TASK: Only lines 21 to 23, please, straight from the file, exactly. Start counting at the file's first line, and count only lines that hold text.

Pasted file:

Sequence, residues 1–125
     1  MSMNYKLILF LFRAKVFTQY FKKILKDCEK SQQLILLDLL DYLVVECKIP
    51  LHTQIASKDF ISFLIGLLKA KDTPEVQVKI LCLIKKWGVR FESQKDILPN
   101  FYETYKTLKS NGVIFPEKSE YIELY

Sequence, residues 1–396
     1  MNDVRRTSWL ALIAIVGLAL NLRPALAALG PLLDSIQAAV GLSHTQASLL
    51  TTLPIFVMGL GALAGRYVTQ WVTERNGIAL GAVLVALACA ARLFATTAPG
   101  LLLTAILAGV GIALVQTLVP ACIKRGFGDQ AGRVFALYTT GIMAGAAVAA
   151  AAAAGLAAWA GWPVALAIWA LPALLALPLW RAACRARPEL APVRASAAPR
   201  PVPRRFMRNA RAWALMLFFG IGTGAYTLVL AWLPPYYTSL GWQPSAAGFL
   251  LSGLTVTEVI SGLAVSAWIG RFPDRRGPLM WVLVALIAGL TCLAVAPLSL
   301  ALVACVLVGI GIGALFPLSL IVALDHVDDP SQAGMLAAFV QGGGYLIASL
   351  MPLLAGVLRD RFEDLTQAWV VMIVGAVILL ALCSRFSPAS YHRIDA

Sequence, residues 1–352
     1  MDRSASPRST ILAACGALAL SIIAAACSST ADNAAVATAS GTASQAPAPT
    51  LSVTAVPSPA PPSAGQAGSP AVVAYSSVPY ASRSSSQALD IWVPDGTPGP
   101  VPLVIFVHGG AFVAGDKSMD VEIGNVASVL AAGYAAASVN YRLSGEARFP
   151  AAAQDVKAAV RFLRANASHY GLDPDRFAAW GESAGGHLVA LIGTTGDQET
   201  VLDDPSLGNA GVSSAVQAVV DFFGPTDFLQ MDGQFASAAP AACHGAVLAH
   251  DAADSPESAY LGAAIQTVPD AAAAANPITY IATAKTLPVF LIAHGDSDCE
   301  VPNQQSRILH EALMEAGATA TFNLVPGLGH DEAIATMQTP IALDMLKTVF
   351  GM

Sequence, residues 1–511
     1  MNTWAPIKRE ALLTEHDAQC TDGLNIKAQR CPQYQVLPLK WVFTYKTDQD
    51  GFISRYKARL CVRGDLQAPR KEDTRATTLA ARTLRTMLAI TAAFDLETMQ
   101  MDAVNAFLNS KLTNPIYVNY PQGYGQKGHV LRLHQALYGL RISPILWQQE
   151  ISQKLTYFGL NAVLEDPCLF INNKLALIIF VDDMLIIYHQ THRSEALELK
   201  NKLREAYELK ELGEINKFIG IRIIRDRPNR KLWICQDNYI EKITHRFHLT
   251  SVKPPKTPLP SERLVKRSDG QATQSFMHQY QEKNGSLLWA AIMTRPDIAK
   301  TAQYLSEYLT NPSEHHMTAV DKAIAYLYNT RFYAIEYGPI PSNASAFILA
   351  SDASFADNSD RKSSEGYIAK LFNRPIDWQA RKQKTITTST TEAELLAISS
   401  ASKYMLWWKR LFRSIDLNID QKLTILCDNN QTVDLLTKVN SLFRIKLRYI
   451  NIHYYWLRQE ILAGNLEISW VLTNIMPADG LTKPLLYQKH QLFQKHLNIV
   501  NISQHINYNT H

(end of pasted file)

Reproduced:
   301  VPNQQSRILH EALMEAGATA TFNLVPGLGH DEAIATMQTP IALDMLKTVF
   351  GM

Sequence, residues 1–511